The lawsuit to be filed against Mortgage Electronic Registration Systems seeks to have the database owned by nearly two dozen lenders follow the letter of South Carolina law in recording property records.

Each county’s register of deeds is required to keep records on the liens, like a mortgage, against properties in the county.

MERS, established in 2002, allegedly skirts that requirement. Every time a financial institution sells or buys a loan, a county’s register of deeds is to be notified and the new holder of the mortgage recorded.

The financial institutions that own MERS avoid the cost of making those changes by stating that MERS owns the mortgage, the mortgage holder and the county doesn’t know which financial institution holds the note.

The county’s case against Mortgage Electronic Registration Systems is being handled by Jim Scheider of the Bluffton law firm of Vaux & Marscher.

The suit being prepared for Colleton County alleges “The MERS System has created massive confusion as to the true owners of beneficial interest in mortgage loans and mortgages throughout the United States, including South Carolina, and has harmed U.S. counties, including plaintiff Colleton County. In short, the MERS System has eroded the transparency and corrupts the chain of title of the public recording system in the United States and the state of South Carolina.”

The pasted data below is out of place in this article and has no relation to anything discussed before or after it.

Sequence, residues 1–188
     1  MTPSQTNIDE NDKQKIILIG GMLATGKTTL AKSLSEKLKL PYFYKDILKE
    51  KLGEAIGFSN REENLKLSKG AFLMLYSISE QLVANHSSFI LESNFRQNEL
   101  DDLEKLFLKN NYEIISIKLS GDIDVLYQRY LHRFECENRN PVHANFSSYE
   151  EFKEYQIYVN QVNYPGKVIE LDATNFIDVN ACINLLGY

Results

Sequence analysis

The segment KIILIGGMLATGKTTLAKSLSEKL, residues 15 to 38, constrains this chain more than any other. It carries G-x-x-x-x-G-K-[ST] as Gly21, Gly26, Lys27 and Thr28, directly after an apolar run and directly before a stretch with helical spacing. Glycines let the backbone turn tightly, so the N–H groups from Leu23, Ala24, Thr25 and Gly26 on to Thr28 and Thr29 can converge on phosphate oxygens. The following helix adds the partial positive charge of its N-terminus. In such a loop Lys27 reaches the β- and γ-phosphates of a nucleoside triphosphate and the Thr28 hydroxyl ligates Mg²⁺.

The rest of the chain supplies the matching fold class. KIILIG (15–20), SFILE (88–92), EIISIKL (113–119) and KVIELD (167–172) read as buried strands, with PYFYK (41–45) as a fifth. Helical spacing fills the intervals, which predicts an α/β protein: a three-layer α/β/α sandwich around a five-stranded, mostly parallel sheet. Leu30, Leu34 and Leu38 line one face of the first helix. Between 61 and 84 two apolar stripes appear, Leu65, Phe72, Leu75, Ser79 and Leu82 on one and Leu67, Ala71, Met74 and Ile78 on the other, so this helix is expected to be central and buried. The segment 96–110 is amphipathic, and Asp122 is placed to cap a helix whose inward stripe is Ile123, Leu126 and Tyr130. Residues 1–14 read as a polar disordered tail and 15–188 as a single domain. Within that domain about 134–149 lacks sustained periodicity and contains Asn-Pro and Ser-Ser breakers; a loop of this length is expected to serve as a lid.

Read on.

Bank of America : BofA CEO Brian Moynihan Imposing His Own Sanctions On Russia

The amount of money Bank of America stands to lose if Vladimir Putincontinues to be Vladimir Putin is getting smaller and smaller every quarter.

The bank said in a regulatory filing late Tuesday that its net exposure toRussia stood at $3.94 billion, down more than 40% from $6.72 billion at the end of December and down from $5.21 billion at the end of March.

The bank repeated language it used in a regulatory filing in early May, citing geopolitical tension caused by “Russian intervention in Ukraine.” The U.S. and the European Union adopted broad economic sanctions against Russia on Tuesday, including against its banks and oil industry.

Read on.

Bank of America ordered to pay $1.27 bln for Countrywide fraud

A federal judge on Wednesday ordered Bank of America Corp (>> Bank of America Corp) to pay $1.27 billion of damages after a federal jury found the second-largest U.S. bank liable for fraud over defective mortgages sold by its Countrywide unit.

A federal judge on Wednesday ordered Bank of America Corp (>> Bank of America Corp) to pay $1.27 billion of damages after a federal jury found the second-largest U.S. bank liable for fraud over defective mortgages sold by its Countrywide unit.